Similarly, there is a mitzva to wear nice clothes and to wash them before the holiday. However, we do not wear our nicest clothes as we do on the other festivals, because of the fear of judgment. Some have a custom to wear white on Rosh Ha-shana (SA 581:4; MB ad loc. 25). One whose hair is too long and looks disheveled must get a haircut in honor of Rosh Ha-shana. One who is normally clean-shaven must shave before Rosh Ha-shana (SA 581:4).
The dual nature of Rosh Ha-shana can be learned from Ezra the Scribe, who, in addition to encouraging the people to repent, instructed them to rejoice on Rosh Ha-shana, as it is a day consecrated to God. Early in the time of the Second Temple, when the Jewish community in Eretz Yisrael was becoming established after returning from the Babylonian exile, many of the simple people did not observe mitzvot properly. On Rosh Ha-shana, Neḥemia the political leader and Ezra the spiritual leader gathered the nation together, men and women, to inspire them to repent. Ezra read from the Torah, starting in the morning and continuing until midday, explaining the Torah and mitzvot to them. When the listeners understood that they had sinned, they were inspired to repent, and they began to mourn and cry. Ezra and Neḥemia emphasized that it was a day to rejoice in addition to repenting:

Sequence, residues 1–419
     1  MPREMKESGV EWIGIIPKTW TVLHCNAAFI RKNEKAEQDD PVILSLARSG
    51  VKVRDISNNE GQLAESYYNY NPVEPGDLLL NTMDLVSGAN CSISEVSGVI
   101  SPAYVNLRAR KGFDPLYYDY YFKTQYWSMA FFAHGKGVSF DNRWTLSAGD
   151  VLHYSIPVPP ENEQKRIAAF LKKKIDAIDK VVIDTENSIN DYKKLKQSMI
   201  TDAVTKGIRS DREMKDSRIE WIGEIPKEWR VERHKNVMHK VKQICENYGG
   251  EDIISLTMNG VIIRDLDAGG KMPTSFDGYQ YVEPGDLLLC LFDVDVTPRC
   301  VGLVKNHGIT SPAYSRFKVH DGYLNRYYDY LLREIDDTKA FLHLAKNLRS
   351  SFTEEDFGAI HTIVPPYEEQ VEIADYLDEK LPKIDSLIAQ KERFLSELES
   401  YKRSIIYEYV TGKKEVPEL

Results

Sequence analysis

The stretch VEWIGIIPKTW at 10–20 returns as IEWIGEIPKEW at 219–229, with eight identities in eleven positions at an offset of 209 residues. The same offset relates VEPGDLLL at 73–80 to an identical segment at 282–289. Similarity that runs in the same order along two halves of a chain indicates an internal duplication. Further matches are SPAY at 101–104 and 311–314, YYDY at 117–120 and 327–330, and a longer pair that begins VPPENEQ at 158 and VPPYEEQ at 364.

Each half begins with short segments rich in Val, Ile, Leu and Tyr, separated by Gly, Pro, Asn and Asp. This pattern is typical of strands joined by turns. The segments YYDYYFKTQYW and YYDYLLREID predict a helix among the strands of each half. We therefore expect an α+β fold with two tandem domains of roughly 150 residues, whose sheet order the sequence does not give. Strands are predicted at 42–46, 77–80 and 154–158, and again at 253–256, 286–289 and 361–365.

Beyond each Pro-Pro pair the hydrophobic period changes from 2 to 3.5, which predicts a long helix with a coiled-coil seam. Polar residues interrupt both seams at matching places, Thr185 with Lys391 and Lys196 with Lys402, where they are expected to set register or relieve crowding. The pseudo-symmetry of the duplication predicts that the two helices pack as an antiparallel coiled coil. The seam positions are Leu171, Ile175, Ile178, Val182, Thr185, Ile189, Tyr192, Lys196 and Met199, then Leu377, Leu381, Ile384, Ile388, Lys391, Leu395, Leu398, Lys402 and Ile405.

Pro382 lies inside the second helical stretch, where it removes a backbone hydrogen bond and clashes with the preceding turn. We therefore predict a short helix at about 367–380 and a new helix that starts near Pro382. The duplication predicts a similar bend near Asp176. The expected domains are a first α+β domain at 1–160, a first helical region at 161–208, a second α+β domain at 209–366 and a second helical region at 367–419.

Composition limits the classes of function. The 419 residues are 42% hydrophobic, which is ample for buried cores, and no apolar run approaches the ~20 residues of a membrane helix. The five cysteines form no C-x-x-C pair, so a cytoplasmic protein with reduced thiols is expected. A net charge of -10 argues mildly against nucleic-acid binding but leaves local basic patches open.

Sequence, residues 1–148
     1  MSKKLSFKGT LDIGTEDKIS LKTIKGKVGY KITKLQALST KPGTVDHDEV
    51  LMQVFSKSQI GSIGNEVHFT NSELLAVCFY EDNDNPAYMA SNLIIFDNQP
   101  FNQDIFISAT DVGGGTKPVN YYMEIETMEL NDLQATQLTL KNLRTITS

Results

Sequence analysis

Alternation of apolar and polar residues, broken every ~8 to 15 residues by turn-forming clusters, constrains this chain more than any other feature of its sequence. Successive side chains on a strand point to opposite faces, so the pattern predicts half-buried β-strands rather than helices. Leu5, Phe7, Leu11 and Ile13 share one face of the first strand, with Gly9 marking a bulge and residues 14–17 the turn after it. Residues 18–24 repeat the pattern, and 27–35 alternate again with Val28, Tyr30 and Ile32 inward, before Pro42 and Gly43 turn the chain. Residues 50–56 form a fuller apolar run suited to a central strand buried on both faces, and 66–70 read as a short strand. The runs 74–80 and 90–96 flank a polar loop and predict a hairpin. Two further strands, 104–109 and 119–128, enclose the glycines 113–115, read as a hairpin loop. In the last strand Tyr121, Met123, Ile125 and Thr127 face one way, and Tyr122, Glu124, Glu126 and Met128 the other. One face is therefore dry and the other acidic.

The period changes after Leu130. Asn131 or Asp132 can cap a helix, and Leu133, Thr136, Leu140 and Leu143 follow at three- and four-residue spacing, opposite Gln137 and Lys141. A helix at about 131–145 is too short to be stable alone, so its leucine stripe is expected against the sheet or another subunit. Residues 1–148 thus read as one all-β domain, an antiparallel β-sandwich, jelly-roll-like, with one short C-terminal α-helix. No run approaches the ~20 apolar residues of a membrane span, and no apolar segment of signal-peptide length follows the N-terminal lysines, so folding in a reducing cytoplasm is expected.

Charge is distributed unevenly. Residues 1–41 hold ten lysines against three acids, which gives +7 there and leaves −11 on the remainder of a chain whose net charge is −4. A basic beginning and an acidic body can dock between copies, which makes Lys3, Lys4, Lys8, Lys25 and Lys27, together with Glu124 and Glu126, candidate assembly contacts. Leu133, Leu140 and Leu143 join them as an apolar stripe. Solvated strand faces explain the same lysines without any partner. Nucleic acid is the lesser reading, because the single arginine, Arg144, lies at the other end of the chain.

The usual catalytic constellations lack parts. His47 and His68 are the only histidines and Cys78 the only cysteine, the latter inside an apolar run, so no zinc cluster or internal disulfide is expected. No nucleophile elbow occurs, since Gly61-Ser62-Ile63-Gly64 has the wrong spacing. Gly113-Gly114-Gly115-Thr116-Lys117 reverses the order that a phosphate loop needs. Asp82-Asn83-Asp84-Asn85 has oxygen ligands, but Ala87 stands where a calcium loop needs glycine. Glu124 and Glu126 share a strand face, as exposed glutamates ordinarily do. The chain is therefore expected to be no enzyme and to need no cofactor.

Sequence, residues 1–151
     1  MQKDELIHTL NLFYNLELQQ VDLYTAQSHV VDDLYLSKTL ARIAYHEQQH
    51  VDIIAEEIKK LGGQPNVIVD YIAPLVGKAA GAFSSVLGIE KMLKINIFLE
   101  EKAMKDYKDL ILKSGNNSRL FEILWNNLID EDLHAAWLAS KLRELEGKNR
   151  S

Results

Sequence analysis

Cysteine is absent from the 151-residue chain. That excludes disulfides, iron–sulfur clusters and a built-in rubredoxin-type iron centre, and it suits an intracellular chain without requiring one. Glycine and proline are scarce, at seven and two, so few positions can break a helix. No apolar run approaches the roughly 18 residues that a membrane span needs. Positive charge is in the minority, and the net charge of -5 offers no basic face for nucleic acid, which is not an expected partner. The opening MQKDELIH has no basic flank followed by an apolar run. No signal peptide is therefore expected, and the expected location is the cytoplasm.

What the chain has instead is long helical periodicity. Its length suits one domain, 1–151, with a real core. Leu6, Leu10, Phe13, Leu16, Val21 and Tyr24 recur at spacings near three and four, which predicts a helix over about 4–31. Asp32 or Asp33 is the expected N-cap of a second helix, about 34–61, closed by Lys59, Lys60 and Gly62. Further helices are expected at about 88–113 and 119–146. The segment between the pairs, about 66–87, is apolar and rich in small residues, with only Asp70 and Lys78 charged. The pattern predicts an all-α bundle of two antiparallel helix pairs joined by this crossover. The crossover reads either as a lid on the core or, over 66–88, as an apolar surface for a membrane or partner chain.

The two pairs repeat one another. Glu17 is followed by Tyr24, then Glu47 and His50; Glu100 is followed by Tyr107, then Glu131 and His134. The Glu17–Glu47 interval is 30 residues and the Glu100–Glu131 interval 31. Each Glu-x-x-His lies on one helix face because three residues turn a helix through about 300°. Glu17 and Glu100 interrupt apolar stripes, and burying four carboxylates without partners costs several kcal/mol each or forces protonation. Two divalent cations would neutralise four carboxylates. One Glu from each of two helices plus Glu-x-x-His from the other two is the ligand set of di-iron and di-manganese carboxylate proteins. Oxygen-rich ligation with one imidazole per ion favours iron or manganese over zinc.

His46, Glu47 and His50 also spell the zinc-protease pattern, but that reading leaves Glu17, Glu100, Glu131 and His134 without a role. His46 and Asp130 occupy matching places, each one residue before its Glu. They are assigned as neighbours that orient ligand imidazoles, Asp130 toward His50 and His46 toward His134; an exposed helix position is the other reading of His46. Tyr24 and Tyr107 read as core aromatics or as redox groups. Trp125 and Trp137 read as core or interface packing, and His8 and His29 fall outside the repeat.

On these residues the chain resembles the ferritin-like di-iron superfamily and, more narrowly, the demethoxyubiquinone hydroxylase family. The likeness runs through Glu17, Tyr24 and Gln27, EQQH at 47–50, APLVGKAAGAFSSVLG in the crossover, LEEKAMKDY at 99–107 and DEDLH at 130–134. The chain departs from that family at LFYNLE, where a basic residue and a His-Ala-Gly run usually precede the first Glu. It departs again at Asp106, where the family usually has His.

“This day is holy to the Lord your God; you must not mourn or weep,” for all the people were weeping as they listened to the words of the Torah…. “Go, eat choice foods and drink sweet drinks and send portions to whoever has nothing prepared, for the day is holy to our Lord. Do not be sad, for your rejoicing in the Lord is the source of your strength.” The Levites stilled the people, saying, “Hush, for the day is holy; do not be sad.” (Neḥemia 8:9-11)
Ezra and Neḥemia instructed the people to eat delicacies and drink sweet drinks in fulfillment of the mitzva of eating meat and drinking wine. Additionally, this would serve as a good omen for abundance and sweetness for the entire year (Rosh, Rosh Ha-shana 4:14). “Then all the people went to eat and drink and send portions and make great merriment, for they understood the things they were told” (Neḥemia 8:12). They understood that God was not interested in punishing them, but rather was happy with their repentance.